mac-address (MAC; Default: ) Media Access Control number of an interface. The address numeration authority IANA allows the use of MAC addresses in the range from 00:00:5E:80:00:00 - 00:00:5E:FF:FF:FF freely
mtu (integer; Default: 1500) Layer3 Maximum transmission unit
name (string; Default: ) Interface name
remote-address (IP; Default: ) IP address of remote end of EoIP tunnel
tunnel-id (integer: 65536; Default: ) Unique tunnel identifier, which must match other side of the tunnel

Notes

tunnel-id is method of identifying tunnel. It must be unique for each EoIP tunnel.

mtu should be set to 1500 to eliminate packet refragmentation inside the tunnel (that allows transparent bridging of Ethernet-like networks, so that it would be possible to transport full-sized Ethernet frame over the tunnel).

When bridging EoIP tunnels, it is highly recommended to set unique MAC addresses for each tunnel for the bridge algorithms to work correctly. For EoIP interfaces you can use MAC addresses that are in the range from 00:00:5E:80:00:00 - 00:00:5E:FF:FF:FF , which IANA has reserved for such cases. Alternatively, you can set the second bit of the first byte to modify the auto-assigned address into a 'locally administered address', assigned by the network administrator and thus use any MAC address, you just need to ensure they are unique between the hosts connected to one bridge.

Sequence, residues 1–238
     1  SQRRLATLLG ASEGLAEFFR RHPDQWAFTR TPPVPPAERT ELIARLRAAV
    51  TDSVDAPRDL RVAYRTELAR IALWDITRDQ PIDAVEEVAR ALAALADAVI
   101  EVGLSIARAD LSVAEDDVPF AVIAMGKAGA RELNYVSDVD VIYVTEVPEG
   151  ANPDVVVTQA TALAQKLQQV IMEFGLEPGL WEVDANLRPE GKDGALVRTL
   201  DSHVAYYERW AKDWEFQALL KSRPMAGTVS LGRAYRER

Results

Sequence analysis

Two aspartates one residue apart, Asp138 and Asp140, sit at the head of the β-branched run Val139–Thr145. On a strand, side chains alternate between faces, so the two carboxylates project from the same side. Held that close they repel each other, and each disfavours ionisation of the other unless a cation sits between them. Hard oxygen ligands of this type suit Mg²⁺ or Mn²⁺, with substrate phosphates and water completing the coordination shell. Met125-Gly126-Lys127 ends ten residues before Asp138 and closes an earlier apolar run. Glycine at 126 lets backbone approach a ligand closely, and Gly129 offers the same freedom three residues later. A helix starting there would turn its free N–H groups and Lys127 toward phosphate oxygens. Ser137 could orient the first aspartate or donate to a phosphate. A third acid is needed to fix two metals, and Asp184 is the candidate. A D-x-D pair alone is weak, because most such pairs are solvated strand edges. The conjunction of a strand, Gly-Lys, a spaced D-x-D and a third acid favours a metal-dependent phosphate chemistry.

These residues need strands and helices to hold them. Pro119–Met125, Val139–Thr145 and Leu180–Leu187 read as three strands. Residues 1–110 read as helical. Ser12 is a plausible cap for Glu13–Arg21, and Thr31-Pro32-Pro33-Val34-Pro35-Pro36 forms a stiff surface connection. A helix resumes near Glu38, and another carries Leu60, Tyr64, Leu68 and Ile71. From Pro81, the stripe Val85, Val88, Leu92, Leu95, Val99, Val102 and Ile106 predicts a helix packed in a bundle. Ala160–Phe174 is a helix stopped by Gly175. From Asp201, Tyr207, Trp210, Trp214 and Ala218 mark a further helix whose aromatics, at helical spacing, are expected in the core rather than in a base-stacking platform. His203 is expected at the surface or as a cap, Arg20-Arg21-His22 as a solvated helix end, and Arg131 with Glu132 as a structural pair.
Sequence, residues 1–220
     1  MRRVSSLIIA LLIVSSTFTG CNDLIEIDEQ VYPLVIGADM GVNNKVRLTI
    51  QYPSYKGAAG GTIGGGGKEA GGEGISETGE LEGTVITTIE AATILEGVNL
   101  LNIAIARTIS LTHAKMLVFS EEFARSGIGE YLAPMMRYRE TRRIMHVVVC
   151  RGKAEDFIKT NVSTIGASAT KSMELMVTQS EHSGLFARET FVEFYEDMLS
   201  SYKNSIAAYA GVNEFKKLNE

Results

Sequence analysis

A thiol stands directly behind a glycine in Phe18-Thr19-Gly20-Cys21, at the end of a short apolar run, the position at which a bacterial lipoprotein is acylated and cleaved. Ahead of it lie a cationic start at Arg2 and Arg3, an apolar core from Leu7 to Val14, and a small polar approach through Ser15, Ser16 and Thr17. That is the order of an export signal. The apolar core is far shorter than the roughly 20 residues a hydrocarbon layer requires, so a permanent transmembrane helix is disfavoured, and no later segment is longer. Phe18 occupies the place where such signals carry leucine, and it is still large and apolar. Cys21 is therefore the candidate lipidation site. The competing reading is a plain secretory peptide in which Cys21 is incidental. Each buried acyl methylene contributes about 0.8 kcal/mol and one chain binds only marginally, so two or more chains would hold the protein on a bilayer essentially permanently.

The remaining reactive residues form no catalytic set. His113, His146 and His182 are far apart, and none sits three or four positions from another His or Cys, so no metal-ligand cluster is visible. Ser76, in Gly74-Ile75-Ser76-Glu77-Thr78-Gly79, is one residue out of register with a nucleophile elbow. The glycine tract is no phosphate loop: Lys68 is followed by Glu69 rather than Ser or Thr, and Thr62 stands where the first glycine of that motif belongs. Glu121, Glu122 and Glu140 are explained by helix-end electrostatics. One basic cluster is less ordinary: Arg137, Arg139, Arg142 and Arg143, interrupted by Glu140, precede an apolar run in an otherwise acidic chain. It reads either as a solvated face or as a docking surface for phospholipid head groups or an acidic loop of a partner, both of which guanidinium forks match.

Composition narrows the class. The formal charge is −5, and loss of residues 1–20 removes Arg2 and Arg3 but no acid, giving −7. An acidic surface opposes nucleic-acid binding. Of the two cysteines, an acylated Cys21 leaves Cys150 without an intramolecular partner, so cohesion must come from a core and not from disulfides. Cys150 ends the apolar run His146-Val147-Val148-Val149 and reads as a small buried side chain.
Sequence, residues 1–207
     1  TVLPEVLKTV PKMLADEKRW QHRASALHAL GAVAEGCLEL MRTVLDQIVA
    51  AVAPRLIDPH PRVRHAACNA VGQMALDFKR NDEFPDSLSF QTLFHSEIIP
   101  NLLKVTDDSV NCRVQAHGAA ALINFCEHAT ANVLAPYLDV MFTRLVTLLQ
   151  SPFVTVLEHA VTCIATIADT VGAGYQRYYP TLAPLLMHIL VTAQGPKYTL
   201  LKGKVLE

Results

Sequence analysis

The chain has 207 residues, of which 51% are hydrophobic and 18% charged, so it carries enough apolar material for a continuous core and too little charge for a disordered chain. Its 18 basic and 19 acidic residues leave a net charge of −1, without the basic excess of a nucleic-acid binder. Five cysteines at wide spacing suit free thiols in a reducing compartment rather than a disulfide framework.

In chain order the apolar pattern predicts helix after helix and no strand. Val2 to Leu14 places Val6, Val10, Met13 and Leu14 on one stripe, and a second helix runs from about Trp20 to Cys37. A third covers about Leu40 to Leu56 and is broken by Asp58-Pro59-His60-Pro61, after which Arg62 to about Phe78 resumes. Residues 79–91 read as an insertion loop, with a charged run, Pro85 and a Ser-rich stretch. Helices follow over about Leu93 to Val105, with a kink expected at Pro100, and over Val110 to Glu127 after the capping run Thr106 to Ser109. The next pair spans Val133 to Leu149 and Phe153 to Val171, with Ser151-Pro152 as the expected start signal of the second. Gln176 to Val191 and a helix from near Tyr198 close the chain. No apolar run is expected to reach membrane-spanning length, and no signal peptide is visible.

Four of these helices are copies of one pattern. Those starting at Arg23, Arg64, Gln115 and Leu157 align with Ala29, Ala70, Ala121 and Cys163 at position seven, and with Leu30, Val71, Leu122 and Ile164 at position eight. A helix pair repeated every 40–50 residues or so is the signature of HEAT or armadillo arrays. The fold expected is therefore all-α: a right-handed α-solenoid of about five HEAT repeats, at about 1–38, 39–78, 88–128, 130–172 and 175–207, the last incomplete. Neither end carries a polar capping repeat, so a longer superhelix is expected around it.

Icon-note.png

Note: EoIP tunnel adds at least 42 byte overhead (8byte GRE + 14 byte Ethernet + 20 byte IP)


Setup examples

Let us assume we want to bridge two networks: 'Office LAN' and 'Remote LAN'. By using EoIP setup can be made so that Office and Remote LANs are in the same Layer2 broadcast domain.

Consider following setup:

Eoip-example.png

As you know wireless station cannot be bridged, to overcome this limitation (not involving WDS) we will create EoIP tunnel over the wireless link and bridge it with interfaces connected to local networks.

We will not cover wireless configuration in this example, lets assume that wireless link is already established

At first we create EoIP tunnel on our gateway ...

[admin@Our_GW] interface eoip> add name="eoip-remote" tunnel-id=0 \
\... remote-address=10.0.0.2
[admin@Our_GW] interface eoip> enable eoip-remote
[admin@Our_GW] interface eoip> print
Flags: X - disabled, R - running